Publisher: Aria Fiction
Genre: Historical Fiction
The forgotten children of London are going missing, apparently being sold by their own families. Can she save them before it’s too late…
Flora Maguire’s life is perfect – a beautiful home in Belgravia teeming with servants, a loving husband, and new baby Arthur to enjoy. But when she is invited to tour St Philomena’s Children’s Hospital in deprived Southwark, she gets a harsh insight into the darker side of Edwardian London.
Shocked by the conditions people are living in, she soon uncovers a scandal with a dark heart – children are going missing from the hospital, apparently sold by their own families, and their fate is too awful to imagine. With the police seemingly unable or unwilling to investigate, Flora teams up with the matron of the hospital, Alice Finch, to try to get to the bottom of it.
Soon Flora is immersed in the seedy, dangerous underbelly of criminal London, and time is running out to save the children. Will they get to them in time, or was their fate decided the day they were born poor…
Welcome to my stop on the blog tour for The Forgotten Children! I have an extract to share today.
London, September 1904
Flora tilted her hat over her left eye and pouted at her reflection in the mirror above the mantelpiece. Bunny appeared at her shoulder and plucked a sheet of pasteboard propped against the clock.
‘That’s the third time you’ve scrutinized that card in the last hour.’ She frowned as she returned the grey velvet confection to its original position.
‘Don’t you find it strange that we’ve been invited to tour a hospital neither of us has ever heard of?’ He tapped the card against his thumbnail. ‘Incidentally, I like that hat the other way.’
‘St Philomena’s Hospital is a charity founded by a wealthy philanthropist to provide medical care for children of the poor.’ Sighing, she adjusted the hat again.
‘An admirable endeavour, no doubt, but why have we been invited?’ He pushed his spectacles further up his nose with a middle finger and tucked the card into his inside pocket. ‘If Arthur became ill, we’re unlikely to take him to a hospital in Southwark.’
Flora suppressed a shiver at the mention of illness in respect of their infant son, who currently enjoyed chubby good health. ‘Charities are always looking for funds; maybe they regard Mr Ptolemy Harrington, Solicitor at Law, as a viable proposition?’
‘Trust you to get to the bottom of the thing.’ Bunny joined her by the front door being held open by their butler. ‘Are you sure you wouldn’t rather go in the motor car?’
‘No, and it’s too late to change your mind, the taxi is already here.’ She smiled at his downcast expression that was so like Arthur’s. ‘And Southwark is hardly a suitable place to leave your beloved Aster, no matter how many street urchins you pay to watch it.’
‘Taxi it is, then.’ Bunny handed her inside the motor taxi that idled at the kerb whilst giving the house a slow appraising glance through the window.
The façade of Portland stone that rose four floors from the street always sent a possessive thrill up Flora’s spine. A pair of Ionic columns flanked a shiny black-painted front door with a set of railed stone steps that descended into basement kitchens equipped with the latest innovations Flora had insisted upon. Aware of what life was like in the servants’ hall at her childhood home, Cleeve Abbey in Gloucestershire, with its outdated facilities, she had been determined to make her own servants’ lives a little easier. She had unwisely expressed this sentiment in the presence of her mother-in-law, the memory of whose contempt still made Flora’s cheeks burn.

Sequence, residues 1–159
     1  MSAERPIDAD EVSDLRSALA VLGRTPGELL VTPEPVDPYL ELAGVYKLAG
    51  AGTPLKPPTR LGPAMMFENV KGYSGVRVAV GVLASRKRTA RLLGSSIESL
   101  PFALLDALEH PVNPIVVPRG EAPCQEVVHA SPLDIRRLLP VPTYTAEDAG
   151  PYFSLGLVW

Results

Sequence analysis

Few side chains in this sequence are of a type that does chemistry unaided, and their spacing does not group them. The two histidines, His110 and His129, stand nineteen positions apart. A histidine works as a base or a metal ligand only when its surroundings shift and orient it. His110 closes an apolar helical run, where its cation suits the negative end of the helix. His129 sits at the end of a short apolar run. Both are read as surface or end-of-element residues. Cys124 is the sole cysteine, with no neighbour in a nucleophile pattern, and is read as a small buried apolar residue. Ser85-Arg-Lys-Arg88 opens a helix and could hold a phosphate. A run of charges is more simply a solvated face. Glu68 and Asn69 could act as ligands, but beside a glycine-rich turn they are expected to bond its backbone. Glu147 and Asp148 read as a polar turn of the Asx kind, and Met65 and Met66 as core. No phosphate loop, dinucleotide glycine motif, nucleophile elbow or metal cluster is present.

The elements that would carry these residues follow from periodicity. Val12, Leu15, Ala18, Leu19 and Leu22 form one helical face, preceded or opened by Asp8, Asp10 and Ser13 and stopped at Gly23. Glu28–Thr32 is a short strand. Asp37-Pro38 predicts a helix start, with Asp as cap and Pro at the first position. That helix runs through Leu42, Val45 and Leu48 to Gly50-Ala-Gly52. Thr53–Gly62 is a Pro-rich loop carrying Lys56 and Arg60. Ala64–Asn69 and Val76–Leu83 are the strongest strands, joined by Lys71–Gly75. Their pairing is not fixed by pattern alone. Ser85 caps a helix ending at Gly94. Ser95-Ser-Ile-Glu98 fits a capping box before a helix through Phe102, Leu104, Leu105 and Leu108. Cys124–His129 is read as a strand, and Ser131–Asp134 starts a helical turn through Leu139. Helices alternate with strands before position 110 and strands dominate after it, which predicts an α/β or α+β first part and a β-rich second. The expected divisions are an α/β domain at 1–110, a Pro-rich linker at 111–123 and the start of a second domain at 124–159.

The taxi headed east along Victoria Street, past the Catholic cathedral and around Parliament Square, past monumental buildings that represented the might of the British Empire.
On the far side of Westminster Bridge, Portland stone and red brick gave way to wood and steel of the industrial area of the city, deteriorating more with each mile. The taxi’s route took them in a wide circle and back to the river where the sparkling new structure of Tower Bridge reached into a darkening sky.
‘It’s hard to believe we’re only three miles from Belgravia.’ Flora wiped a gloved hand to clear the mist on the rain-streaked taxi window as they entered Quilp Street and passed beneath a wrought-iron archway that displayed the words St Philomena’s Hospital for Sick Children.
The hospital was a solid, rectangular building with a mansard roof that squatted amongst its less imposing neighbours like an elegant woman who had known better days; the red brick having faded to a dirty russet colour by forty years of coal smoke from the surrounding factories and tanneries.
‘Is that baking I can smell?’ She sniffed appreciatively at an enticing aroma of burned sugar that seeped into the cab.
‘Probably. The Peek Frean’s factory is one of the main employers in this area,’ Bunny said, handing her out of the cab. ‘They call this place “Biscuit Town”.’
Their heads down against a sudden rainstorm, they ran for the entrance, splashing through puddles that soaked their feet, and exploded into the entrance hall laughing delightedly. A group of ladies in wide-brimmed hats and black-suited gentleman gave the newcomers slow, appraising looks, some curious, others of bored disinterest, before going back to their conversations.
Bunny handed the porter who held open the door for them the printed invitation that had so perplexed him earlier.
‘Mr and Mrs Harrington, is it?’ He squinted at the square of pasteboard. ‘As you can see, we have quite a few visitors today, but someone will be here shortly to show you around.’
About the Author:
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